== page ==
Google’s AI shifts from the next platform to its next products

Last October, when Google Home was announced, Google CEO Sundar Pichai christened AI as the next platform. Yesterday, AI became a Google product that could become as transformative and as large and potentially pervasive as Google Search.

Google’s grand bargain with its users will not change: indispensable free apps in return for users’ data. Easier to use conversational interfaces such as Google Home and Google Assistant built with AI could be the next free indispensable Google app purchased with the users’ information as the currency. It is a virtuous cycle. User interaction with indispensable apps like Google Search, Translate and Assistant that use AI, creates more data to create new indispensable AI systems. Pichai confirmed this during the Google I/O keynote when he said:

“The most important product where we are using this [AI] is in Google Search and Google Assistant. We are evolving Google Search to be more assistive for our users.”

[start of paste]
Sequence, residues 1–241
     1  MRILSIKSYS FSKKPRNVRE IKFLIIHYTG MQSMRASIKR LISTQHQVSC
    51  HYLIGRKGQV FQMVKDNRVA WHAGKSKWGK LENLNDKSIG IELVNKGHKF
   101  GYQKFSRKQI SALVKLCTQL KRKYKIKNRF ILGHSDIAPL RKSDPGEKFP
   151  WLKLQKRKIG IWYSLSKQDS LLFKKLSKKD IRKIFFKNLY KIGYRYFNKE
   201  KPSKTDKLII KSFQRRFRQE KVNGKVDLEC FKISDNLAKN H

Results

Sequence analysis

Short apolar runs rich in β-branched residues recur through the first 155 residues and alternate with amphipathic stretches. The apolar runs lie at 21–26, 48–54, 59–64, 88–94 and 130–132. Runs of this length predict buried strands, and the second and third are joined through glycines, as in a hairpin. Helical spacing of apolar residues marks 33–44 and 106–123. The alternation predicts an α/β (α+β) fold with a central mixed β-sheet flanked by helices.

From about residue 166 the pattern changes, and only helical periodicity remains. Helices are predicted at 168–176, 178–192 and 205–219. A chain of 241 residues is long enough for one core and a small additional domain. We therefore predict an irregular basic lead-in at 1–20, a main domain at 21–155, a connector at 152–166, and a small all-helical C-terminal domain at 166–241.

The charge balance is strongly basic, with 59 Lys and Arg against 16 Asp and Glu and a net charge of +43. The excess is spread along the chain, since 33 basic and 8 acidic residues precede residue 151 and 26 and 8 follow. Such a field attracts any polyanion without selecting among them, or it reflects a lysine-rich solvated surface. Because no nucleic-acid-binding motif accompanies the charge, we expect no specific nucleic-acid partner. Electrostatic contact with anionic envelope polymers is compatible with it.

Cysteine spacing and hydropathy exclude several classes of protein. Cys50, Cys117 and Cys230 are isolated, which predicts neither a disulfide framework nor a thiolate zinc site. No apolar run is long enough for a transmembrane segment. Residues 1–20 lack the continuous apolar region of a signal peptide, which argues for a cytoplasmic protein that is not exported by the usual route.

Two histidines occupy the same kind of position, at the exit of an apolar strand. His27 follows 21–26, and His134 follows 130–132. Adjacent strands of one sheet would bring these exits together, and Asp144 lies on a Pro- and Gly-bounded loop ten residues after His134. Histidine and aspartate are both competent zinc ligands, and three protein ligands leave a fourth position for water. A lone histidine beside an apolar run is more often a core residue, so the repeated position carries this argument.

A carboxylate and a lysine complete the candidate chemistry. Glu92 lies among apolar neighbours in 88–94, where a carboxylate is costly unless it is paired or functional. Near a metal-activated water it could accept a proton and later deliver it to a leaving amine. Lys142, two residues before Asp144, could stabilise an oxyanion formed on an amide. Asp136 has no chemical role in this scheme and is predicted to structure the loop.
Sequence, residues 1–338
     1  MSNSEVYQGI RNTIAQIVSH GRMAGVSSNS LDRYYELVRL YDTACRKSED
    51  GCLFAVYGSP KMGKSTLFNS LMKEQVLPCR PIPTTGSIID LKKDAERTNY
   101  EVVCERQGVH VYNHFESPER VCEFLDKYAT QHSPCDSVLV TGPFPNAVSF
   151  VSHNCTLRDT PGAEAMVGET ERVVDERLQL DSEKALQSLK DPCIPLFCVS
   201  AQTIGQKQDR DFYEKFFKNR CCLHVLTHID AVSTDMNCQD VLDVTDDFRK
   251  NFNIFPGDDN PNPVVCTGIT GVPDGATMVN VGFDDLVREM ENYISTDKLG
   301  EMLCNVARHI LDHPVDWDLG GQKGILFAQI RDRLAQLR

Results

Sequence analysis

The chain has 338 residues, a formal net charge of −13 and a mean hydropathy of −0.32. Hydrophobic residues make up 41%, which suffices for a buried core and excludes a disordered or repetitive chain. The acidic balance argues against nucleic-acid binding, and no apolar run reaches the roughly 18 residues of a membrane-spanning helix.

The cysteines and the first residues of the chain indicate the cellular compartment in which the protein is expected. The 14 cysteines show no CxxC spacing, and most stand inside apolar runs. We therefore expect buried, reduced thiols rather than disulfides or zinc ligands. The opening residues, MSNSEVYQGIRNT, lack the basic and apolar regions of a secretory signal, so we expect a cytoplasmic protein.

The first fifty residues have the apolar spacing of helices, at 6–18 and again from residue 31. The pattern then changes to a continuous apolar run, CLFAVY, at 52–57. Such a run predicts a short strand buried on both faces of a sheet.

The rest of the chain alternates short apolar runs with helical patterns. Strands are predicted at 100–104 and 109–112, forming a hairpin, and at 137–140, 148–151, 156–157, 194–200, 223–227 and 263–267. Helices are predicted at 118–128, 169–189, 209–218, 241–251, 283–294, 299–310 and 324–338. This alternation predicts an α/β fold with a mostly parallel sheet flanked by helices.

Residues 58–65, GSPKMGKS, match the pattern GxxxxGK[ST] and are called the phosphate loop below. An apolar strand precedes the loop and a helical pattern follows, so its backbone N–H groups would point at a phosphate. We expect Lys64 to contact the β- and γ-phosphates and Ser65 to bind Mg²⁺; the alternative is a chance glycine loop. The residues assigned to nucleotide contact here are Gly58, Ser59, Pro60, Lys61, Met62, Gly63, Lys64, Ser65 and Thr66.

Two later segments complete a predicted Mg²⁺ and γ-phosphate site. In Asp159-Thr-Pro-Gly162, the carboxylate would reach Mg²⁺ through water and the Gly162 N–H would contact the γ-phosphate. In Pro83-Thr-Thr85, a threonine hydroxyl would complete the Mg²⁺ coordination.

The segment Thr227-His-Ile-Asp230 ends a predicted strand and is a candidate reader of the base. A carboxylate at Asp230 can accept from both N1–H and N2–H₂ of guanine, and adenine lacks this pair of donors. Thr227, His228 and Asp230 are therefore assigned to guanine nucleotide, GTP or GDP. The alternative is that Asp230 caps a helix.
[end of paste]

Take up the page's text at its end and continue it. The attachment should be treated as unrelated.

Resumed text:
The company has invested in AI and machine learning for over a decade to perform tasks such as filter spam from email. Machine learning programs AI systems with data instead of lines of source code. Generally, the more data the more accurately the systems operate.

+ Also on Network World: Google’s new TPUs are here to accelerate AI training +

There are two parts to AI systems built with machine learning. A good example is machine translation of English to Japanese. The first part is programming the model by training a neural network with examples of millions of English sentences and Japanese sentences. After the model has been trained to a high level of accuracy, the second part is deploying the trained model to execute the task of translating a text or spoken English sentence into Japanese, called inference.

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